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Transportation chief calls for long-term roads plan

U.S. Transportation Secretary Anthony Foxx speaks at a news conference at the Culture Center, sitting between Rep. Nick J. Rahall, D-W.Va., and Sen. Jay Rockefeller, D-W.Va.

CHARLESTON, W.Va. — Congress must soon pass long-term legislation — opposed by scores of conservative Republicans — to improve the country’s infrastructure in order to avoid collapsing bridges and deteriorating and dangerous roads, officials said Monday.

“The Highways Trust Fund is on the brink of insolvency,” U.S. Transportation Secretary Anthony Foxx said during a day-long conference at the West Virginia Culture Center. “Unless Congress acts by August 1, we will have to implement cost-management procedures and slow down the money coming to West Virginia.

“We do have a solution. It is called the Save America Act. It would bring another $302 million for bridge replacements and fixing potholes [throughout the country]. We need Congress to act.”

Discover the Real West Virginia Foundation hosted the conference. Other speakers included Sens. Jay Rockefeller and Joe Manchin, both D-W.Va.; Rep. Nick J. Rahall, D-W.Va.; and West Virginia Transportation Secretary Paul A. Mattox.

“Last Thursday, I learned we are tied with Rhode Island for the worst secondary roads in the nation, including deaths,” Rockefeller said. “We seem to be finding a way to lower our present status [in road maintenance]. Future generations will have to figure it out.”

Rockefeller continued, “To be realistic, I think it will be another one-year patch. There is a climate of fear in Washington today. Nothing is more immobilizing than fear …. After the last election [in 2012], Senator Mitch McConnell [R-Ky.] said, ‘We will make sure nothing passes.’ They have been very effective in implementing their terrible vision about the future.”

For decades, Congress routinely passed six-year laws to finance roads, highways and bridges. In recent years, as the political climate became more hostile, Congress typically only passed last-minute bills to maintain construction funds for a few months.

“We have had 27 patches in the last five years alone,” Foxx said. “If we don’t get a relatively long-term bill done soon, I think it will be a disaster ….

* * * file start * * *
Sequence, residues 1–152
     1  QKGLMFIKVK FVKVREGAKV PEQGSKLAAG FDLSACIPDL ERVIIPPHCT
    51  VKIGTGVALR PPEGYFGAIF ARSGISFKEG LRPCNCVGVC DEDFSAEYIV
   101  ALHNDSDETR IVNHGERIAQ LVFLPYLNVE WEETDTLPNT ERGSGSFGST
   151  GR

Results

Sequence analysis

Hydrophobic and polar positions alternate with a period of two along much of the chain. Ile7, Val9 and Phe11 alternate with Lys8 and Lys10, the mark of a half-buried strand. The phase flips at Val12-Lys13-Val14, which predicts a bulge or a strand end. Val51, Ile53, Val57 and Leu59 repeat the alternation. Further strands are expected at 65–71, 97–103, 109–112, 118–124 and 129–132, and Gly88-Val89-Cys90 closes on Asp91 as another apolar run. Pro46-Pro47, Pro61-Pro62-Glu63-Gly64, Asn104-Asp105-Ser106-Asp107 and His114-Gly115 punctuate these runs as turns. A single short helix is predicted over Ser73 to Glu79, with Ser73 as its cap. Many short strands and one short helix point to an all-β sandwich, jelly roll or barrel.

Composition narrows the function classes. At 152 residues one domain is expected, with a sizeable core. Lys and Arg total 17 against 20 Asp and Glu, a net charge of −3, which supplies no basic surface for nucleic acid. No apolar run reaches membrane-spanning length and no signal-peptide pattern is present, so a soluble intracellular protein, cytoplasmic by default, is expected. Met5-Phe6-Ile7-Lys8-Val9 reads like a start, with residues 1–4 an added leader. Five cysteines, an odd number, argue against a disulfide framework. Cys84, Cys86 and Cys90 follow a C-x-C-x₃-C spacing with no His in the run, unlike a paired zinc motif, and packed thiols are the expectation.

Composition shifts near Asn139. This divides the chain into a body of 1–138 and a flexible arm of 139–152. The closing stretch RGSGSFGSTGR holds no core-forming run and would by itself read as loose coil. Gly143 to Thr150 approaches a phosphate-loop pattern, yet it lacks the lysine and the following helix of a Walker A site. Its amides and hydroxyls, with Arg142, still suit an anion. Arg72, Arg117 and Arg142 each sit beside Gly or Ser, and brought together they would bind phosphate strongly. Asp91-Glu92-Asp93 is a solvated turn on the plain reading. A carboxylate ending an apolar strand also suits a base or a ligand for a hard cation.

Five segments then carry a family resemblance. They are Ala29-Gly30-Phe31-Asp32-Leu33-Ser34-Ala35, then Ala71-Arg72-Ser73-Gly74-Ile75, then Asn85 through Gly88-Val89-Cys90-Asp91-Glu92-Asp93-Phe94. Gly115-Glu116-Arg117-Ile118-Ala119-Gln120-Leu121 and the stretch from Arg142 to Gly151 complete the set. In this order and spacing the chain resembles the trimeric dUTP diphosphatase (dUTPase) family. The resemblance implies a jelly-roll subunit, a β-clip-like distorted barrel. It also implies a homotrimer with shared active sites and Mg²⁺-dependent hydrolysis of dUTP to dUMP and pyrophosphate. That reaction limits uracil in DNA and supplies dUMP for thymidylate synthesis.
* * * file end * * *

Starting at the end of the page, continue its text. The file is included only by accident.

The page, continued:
“Today, the average West Virginia spends $270 a year to deal with bad roads,” he said, referring to repairs needed for cars and trucks damaged from driving on deteriorating roads.

Foxx said he sees road and bridge maintenance and construction as key to the domestic well-being and international status of the United States.

“China has paved more cement in the last three years than the U.S. has done in 100 years,” he said.

One way to get additional funds, Foxx said, would be to tax corporations who recently moved their administrative offices abroad to avoid domestic taxes.

Many roads and bridges have not been properly maintained for the last 50 years, Foxx, Rockefeller and Rahall argued.

Most U.S. bridges were designed to last only 50 years. Typical construction standards included repaving roads every 28 years and repairing them every 12 years.

Mattox pointed out that “47 percent of our highways programs are dependent on federal funds.”

Rockefeller voiced harsh criticisms of Rep. Paul Ryan, R-Wis., in his closing remarks at Monday’s news conference. Ryan came to Charleston on Monday to campaign for Rep. Shelley Moore Capito, R-W.Va., who is running for the Senate seat becoming vacant because of Rockefeller’s retirement.

“Paul Ryan was visiting West Virginia on behalf of a candidate of the Republican Party. This candidate voted for Paul Ryan’s budget, which would have slashed the dickens out of transportation funds,” Rockefeller said. “I rest my case.”

Last Thursday, the House Ways and Means Committee approved a bill to maintain the solvency of the Highway Trust Fund. Later this week, that bill will come up for a vote before the full House.

The Senate Finance Committee approved similar legislation late last week.

In April, Manchin was named honorary chairman of Discover the Real West Virginia Foundation, which hosted Monday’s conference.

Reach Paul J. Nyden at or 304-348-5164.

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